Climate change is killing Hawaii’s birds

Rats have their part of the blame, but climate change is the main threat.

A ʻIʻiwi or Scarlet Hawaiian Honeycreeper in Hawaii, USA. Photo by Snowmanradio.

Just a few days ago, we were telling you how invasive species are threatening Hawaii’s wildlife, and now, a new study has revealed that global warming is also taking its toll. The study, published in the journal Science Advances, found that six species on the island are in great danger of going extinct, much worse than initially presumed.

“This study showed us two things: one, that the ones we already knew were in trouble were in even worse trouble than we thought — like, much worse trouble,” says Lisa “Cali” Crampton, a co-author of the study and project leader with the Kaua’i Forest Bird Recovery Project. “And two, species that we thought were doing okay were actually now in trouble. So it was a really worrisome finding.”

The Hawaiian islands are very distinct from one another, which is why many species evolve differently. For instance, at one point, the islands hosted 50 distinct species of honeycreeper – small birds in the tanager family which feed from flower nectar. But this extreme variability might also be the downfall of the birds. Today, only 18 species remain and six of them, from the island of Kauai, are in danger of going extinct.

More species, fewer chances

The problem when you’re living on an island, is that there’s nowhere to go. When something goes bad, you’re simply stuck and have to deal with it. For instance, when mosquitoes arrived in the 1800s, they started transmitting several diseases to the birds, including the devastating avian malaria and avian pox. The only place the birds could go was the elevated Alaka’i plateau on Kauai – because mosquitoes don’t like the cold. But with rising temperatures, the plateau isn’t cold enough and mosquitoes have started to breed there too.

Alakai plateau area. Photo by Djzanni.

The problem when you split into so many species is that each species has fewer individuals. This means that in the face of such threats, there’s a smaller chance that a group of individuals starts to develop resistance to the threats. In this case, you’d prefer one species with many individuals to several species, each with fewer individuals.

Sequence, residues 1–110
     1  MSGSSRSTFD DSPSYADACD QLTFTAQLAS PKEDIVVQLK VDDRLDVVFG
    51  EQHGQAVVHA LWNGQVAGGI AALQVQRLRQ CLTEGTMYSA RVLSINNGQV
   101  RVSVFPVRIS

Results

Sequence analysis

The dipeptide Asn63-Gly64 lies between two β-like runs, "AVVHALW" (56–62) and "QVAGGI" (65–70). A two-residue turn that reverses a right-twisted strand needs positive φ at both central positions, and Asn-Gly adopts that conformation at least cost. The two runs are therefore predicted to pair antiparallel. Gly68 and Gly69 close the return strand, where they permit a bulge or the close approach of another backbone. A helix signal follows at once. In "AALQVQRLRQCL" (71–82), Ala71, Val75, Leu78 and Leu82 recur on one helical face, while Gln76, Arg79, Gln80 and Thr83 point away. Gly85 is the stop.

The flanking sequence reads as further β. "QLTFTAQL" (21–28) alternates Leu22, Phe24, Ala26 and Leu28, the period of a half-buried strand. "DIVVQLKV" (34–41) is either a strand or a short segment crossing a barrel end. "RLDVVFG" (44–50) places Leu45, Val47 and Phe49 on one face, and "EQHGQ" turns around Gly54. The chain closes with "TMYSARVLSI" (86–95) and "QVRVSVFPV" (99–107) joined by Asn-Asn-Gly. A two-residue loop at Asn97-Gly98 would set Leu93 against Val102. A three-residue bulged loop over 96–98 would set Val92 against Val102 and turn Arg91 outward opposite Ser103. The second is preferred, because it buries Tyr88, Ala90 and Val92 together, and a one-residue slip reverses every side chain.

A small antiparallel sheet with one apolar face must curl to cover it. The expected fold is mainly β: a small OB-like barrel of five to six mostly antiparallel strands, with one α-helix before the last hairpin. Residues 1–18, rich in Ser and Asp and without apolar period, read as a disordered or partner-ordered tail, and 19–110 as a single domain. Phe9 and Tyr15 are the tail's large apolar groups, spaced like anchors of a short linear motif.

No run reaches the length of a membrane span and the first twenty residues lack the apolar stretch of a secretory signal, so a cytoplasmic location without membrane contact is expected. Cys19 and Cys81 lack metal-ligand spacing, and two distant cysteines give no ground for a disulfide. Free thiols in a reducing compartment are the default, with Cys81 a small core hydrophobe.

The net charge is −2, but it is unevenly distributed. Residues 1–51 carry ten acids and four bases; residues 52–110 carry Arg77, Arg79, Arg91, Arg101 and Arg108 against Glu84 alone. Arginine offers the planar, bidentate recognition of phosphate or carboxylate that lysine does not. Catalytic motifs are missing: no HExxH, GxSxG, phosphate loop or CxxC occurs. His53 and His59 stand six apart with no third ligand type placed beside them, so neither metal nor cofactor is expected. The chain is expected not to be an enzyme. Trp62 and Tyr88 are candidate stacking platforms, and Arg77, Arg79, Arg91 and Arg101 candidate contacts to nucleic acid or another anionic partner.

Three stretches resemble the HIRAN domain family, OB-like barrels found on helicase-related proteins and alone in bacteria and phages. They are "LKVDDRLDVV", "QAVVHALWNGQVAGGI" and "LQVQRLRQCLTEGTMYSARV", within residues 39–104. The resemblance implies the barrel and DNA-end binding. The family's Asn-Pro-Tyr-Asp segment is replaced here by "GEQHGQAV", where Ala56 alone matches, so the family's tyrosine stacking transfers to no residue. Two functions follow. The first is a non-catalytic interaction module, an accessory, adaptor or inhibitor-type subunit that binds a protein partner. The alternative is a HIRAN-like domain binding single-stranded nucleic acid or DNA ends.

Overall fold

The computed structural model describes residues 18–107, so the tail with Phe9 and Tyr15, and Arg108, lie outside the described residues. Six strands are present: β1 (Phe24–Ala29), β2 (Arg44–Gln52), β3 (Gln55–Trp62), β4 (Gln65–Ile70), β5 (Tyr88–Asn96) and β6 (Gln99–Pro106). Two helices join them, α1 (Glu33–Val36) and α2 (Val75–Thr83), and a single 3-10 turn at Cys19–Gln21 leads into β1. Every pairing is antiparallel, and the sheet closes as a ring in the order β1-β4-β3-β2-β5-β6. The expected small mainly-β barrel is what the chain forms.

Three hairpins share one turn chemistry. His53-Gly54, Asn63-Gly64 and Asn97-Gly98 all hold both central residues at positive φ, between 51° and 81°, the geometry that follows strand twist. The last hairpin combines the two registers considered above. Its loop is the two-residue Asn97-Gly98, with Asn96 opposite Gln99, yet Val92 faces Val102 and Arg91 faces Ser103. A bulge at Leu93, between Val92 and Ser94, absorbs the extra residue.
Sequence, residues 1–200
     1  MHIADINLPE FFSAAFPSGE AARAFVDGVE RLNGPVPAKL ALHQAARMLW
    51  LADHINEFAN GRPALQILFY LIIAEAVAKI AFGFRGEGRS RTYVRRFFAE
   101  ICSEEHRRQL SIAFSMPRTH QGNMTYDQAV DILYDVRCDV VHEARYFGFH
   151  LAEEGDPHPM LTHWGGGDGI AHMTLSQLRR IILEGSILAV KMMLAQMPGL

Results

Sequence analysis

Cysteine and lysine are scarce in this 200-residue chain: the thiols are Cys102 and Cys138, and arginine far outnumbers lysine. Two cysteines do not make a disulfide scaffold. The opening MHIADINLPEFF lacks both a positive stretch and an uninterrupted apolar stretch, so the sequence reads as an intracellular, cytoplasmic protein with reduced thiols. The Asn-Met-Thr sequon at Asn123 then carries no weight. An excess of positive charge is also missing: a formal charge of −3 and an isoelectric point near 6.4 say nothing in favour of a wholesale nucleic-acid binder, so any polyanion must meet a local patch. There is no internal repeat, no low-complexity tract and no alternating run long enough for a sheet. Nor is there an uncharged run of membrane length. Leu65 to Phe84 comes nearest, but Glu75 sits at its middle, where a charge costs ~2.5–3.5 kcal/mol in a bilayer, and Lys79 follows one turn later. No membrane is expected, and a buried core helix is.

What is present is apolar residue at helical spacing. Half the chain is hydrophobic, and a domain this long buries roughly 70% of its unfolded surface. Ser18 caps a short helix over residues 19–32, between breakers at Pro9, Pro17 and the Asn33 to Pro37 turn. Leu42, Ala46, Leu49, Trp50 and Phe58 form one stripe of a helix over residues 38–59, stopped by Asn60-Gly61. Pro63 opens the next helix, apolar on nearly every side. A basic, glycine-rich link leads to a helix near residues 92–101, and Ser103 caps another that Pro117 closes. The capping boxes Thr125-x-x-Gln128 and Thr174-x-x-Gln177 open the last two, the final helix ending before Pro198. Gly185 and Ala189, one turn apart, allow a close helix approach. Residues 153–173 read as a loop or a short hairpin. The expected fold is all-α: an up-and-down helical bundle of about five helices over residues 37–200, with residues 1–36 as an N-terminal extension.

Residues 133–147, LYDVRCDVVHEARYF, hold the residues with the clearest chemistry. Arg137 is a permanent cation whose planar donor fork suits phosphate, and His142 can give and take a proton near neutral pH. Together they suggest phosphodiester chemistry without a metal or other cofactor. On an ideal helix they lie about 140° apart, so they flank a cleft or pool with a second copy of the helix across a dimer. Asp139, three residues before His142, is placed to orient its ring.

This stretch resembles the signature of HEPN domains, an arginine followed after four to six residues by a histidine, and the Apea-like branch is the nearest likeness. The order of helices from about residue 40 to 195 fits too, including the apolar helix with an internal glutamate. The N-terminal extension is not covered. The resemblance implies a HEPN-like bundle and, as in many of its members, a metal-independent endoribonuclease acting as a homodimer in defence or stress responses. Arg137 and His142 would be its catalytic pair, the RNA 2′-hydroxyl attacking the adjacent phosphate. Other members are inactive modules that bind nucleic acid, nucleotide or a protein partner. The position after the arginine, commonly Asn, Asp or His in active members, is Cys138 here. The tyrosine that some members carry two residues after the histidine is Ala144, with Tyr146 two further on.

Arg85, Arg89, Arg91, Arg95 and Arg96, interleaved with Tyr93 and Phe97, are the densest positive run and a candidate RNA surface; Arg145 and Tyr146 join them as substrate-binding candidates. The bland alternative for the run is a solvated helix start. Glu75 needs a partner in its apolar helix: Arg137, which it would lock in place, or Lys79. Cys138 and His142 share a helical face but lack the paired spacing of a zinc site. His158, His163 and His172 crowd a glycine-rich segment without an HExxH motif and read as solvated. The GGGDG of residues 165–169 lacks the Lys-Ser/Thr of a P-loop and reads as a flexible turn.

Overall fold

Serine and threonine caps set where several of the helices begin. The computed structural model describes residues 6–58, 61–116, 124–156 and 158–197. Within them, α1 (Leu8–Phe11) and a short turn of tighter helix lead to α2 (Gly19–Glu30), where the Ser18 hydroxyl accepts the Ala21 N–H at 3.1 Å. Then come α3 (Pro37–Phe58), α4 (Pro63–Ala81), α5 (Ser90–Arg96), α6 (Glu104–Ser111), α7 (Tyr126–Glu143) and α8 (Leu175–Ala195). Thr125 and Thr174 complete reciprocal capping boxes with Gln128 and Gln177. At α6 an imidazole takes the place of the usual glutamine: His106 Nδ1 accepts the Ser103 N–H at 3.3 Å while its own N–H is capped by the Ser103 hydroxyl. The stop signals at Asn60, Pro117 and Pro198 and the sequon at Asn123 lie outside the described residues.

But mosquitoes aren’t the only uninvited guests in Hawaii – rats also do a lot of damage. Rats come and eat the eggs of honeycreepers. Because the birds evolved without the threat of rats, they don’t know how to defend themselves. Unfortunately, this is another case of invasive species wrecking the population of another area.

“It’s very hard to see a way that things are going to end well, and it’s going to happen in a relatively short period of time,”  Carl Bergstrom, an evolutionary biologist with the University of Washington in Seattle who was not involved in the study told The Verge. “This is the kind of thing that we’re going to see more and more of in our lifespan.”

Four honeytcreepers, painting by John Gerrard Keulemans.

But biologists and conservationists aren’t just waiting around. Crampton and her colleagues are collecting eggs to hatch them safely in captivity, away from diseases and rats. The goal is to set up a captive population to act as a breeding nest, in case things go out of control. They’ve also set rat traps around 300 of the bird nests. But their options are limited for protecting birds in the wild, and nothing they can do prevents the toll global warming is taking. In fact, things are so desperate some scientists are seriously considering using gene drives to engineer pests like mosquitoes or rats out of existence. 

There’s little doubt about this – a tipping point was reached, and these birds are not just threatened – they will go extinct in the foreseeable future. This will likely start happening in more and more places around the world.

In the meantime, for the Hawaiian locals, the birds have a special significance.

“If we lose these forest birds, we lose our connection to our past,” Crampton said, adding that they are integral to Hawaii’s watersheds as well as the adorned regalia of ancient Hawaiian chiefs. Not all is lost though “Even though the situation is dire, it’s not too late,” she said. “It’s not hopeless.”

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